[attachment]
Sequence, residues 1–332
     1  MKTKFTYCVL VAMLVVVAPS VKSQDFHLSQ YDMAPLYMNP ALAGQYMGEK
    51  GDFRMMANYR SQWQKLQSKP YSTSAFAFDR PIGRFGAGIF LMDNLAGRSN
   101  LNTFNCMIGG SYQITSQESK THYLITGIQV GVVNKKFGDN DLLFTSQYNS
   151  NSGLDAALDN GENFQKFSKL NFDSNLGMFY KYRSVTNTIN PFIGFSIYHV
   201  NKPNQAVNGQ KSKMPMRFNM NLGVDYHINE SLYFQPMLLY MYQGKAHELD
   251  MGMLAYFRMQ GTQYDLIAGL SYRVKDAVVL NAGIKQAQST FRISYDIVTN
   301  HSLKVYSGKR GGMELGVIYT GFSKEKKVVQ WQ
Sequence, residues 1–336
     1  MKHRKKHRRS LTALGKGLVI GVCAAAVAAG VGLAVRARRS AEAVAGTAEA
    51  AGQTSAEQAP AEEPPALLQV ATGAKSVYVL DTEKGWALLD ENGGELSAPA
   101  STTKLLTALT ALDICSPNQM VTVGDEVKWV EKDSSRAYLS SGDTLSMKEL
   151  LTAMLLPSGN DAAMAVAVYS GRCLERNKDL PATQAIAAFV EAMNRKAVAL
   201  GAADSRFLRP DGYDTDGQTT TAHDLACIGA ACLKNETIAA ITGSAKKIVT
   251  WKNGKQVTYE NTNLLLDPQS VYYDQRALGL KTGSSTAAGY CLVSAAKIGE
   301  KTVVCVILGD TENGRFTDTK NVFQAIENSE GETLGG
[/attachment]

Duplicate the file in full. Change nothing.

Sequence, residues 1–332
     1  MKTKFTYCVL VAMLVVVAPS VKSQDFHLSQ YDMAPLYMNP ALAGQYMGEK
    51  GDFRMMANYR SQWQKLQSKP YSTSAFAFDR PIGRFGAGIF LMDNLAGRSN
   101  LNTFNCMIGG SYQITSQESK THYLITGIQV GVVNKKFGDN DLLFTSQYNS
   151  NSGLDAALDN GENFQKFSKL NFDSNLGMFY KYRSVTNTIN PFIGFSIYHV
   201  NKPNQAVNGQ KSKMPMRFNM NLGVDYHINE SLYFQPMLLY MYQGKAHELD
   251  MGMLAYFRMQ GTQYDLIAGL SYRVKDAVVL NAGIKQAQST FRISYDIVTN
   301  HSLKVYSGKR GGMELGVIYT GFSKEKKVVQ WQ
Sequence, residues 1–336
     1  MKHRKKHRRS LTALGKGLVI GVCAAAVAAG VGLAVRARRS AEAVAGTAEA
    51  AGQTSAEQAP AEEPPALLQV ATGAKSVYVL DTEKGWALLD ENGGELSAPA
   101  STTKLLTALT ALDICSPNQM VTVGDEVKWV EKDSSRAYLS SGDTLSMKEL
   151  LTAMLLPSGN DAAMAVAVYS GRCLERNKDL PATQAIAAFV EAMNRKAVAL
   201  GAADSRFLRP DGYDTDGQTT TAHDLACIGA ACLKNETIAA ITGSAKKIVT
   251  WKNGKQVTYE NTNLLLDPQS VYYDQRALGL KTGSSTAAGY CLVSAAKIGE
   301  KTVVCVILGD TENGRFTDTK NVFQAIENSE GETLGG